Mental Health
Resources

 email page    print page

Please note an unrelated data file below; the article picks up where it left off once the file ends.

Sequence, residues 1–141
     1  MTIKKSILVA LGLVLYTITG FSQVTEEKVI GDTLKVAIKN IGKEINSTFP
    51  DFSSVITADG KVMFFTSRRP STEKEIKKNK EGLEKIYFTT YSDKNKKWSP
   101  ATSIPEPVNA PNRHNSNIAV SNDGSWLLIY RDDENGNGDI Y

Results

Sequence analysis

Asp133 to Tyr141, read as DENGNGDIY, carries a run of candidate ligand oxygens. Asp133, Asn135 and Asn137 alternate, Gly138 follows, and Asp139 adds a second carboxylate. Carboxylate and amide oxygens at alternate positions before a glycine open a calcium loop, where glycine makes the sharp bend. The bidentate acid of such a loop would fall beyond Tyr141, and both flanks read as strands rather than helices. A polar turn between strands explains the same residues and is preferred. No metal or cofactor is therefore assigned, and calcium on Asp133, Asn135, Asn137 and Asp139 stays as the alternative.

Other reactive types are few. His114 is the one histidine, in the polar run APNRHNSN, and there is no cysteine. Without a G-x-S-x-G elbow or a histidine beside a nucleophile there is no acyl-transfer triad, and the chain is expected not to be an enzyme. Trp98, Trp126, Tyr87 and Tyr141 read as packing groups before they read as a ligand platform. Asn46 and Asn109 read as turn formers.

All Topic Reviews